Britain poised to hit two months without power from coal plants
By Susanna Twidale LONDON (Reuters) - Britain will on Wednesday reach two months in a row without using electricity from coal fired power stations for the first time since its 19th century industrial revolution, according to the country’s National Grid. Britain was home to the world's first coal-fuelled power plant in the 1880s, and coal was its dominant electric source and a major economic driver for the next century
By Susanna Twidale
LONDON (Reuters) - Britain will on Wednesday reach two months in a row without using electricity from coal fired power stations for the first time since its 19th century industrial revolution, according to the country’s National Grid.
Britain was home to the world's first coal-fuelled power plant in the 1880s, and coal was its dominant electric source and a major economic driver for the next century.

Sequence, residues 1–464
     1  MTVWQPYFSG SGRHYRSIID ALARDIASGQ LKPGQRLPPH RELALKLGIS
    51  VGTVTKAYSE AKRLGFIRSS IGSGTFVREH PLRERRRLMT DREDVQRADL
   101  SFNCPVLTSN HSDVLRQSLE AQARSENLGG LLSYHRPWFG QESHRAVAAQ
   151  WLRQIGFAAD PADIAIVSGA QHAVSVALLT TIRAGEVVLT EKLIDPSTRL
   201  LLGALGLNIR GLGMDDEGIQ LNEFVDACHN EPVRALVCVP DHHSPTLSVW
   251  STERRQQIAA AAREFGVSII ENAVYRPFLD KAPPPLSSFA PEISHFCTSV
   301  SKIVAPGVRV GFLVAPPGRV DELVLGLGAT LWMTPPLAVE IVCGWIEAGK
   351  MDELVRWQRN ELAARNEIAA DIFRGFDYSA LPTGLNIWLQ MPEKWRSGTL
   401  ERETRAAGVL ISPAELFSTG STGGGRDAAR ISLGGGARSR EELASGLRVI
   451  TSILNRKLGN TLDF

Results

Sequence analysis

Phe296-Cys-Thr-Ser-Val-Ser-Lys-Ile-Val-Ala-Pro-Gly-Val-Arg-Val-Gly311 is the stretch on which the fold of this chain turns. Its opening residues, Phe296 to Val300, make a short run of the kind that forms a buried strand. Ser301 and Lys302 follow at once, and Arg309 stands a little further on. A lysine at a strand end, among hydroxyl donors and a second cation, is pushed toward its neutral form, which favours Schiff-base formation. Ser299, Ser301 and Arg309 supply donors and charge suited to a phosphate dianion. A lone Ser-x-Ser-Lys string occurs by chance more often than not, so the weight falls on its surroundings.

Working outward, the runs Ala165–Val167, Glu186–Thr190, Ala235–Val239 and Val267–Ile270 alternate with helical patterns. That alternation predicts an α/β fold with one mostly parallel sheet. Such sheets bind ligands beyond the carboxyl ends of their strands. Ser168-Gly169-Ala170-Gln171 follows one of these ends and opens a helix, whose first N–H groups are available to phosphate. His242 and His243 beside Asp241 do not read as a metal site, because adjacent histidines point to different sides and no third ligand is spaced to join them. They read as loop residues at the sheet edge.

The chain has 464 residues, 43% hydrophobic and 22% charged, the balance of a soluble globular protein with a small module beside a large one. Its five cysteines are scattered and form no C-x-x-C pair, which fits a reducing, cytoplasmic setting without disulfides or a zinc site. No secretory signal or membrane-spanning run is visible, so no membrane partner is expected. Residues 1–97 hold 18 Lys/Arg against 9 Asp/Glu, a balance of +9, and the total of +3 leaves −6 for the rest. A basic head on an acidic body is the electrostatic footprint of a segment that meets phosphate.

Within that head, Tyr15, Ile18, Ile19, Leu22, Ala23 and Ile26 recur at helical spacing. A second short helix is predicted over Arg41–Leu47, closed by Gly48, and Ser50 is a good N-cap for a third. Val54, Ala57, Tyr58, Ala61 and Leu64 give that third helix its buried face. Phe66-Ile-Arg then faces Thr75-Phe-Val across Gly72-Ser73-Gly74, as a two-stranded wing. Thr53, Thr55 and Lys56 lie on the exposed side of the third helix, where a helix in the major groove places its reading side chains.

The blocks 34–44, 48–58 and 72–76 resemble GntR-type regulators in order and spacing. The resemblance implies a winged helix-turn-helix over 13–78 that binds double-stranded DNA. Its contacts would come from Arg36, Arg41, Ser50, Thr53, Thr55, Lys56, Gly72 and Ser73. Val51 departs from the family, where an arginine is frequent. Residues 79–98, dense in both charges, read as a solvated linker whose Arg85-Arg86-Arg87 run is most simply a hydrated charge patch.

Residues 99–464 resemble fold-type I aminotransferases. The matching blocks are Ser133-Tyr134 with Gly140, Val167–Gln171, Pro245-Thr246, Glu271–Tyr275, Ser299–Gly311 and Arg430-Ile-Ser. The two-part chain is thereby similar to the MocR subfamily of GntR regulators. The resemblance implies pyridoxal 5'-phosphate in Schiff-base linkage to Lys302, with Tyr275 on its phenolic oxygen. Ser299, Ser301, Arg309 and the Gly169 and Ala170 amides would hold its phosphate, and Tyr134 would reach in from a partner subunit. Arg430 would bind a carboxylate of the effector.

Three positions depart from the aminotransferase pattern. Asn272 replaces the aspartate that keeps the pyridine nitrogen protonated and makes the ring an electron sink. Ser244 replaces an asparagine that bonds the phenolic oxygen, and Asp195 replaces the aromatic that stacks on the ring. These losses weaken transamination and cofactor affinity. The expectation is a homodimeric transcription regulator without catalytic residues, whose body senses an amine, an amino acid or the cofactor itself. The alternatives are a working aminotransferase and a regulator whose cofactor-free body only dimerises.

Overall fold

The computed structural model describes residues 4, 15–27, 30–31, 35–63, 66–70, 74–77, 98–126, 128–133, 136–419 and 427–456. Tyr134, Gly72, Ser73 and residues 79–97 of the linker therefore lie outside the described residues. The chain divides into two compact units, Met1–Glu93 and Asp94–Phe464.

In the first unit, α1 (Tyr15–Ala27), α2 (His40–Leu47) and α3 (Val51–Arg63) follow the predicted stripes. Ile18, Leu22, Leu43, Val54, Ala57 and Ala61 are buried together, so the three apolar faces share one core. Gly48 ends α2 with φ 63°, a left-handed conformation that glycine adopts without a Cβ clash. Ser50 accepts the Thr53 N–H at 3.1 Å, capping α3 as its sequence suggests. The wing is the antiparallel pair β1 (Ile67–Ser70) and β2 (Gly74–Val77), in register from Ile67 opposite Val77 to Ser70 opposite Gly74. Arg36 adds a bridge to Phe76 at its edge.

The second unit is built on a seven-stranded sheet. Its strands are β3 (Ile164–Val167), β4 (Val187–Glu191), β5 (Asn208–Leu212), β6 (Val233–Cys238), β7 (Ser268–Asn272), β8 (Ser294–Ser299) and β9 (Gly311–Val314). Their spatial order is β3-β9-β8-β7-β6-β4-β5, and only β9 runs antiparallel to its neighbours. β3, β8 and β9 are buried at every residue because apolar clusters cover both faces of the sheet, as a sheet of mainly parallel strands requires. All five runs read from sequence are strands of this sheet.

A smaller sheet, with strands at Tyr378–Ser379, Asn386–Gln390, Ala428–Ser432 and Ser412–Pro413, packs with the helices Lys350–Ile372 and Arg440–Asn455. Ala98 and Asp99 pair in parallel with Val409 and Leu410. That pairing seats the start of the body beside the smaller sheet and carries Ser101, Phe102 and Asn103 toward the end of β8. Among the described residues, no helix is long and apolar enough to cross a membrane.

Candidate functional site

However, coal plants emit almost double the amount of carbon dioxide (CO2) - a heat-trapping gas blamed for global warming - as gas-fired power plants.
Britain plans to close coal plants by 2024 as part of efforts to reach its net zero emissions goal by 2050.
"The exact two month mark is midnight tonight (00:00 on Wednesday 10 June), which will mark 61 days (or 1,464 hours) since the last coal generator came off the system," a spokesman for National Grid’s ESO (Electricity System Operator) said via email on Tuesday.
Low power prices amid weak industrial demand due to measures to contain the novel coronavirus , and levies on carbon emissions, have made it increasingly unprofitable to run coal plants.
Use of renewable power, such as wind and solar, has soared over the lockdown period, helped by lower running costs than fossil fuel producers and favourable weather conditions.
May saw the greenest ever month for electricity production in Britain, with the lowest average carbon intensity on record at 143 grams of CO2 per kilowatt hour, National Grid said.
Carbon intensity is a measure of how much carbon dioxide is emitted for each kilowatt hour of electricity produced.
(Reporting by Susanna Twidale; Editing by Mark Potter)
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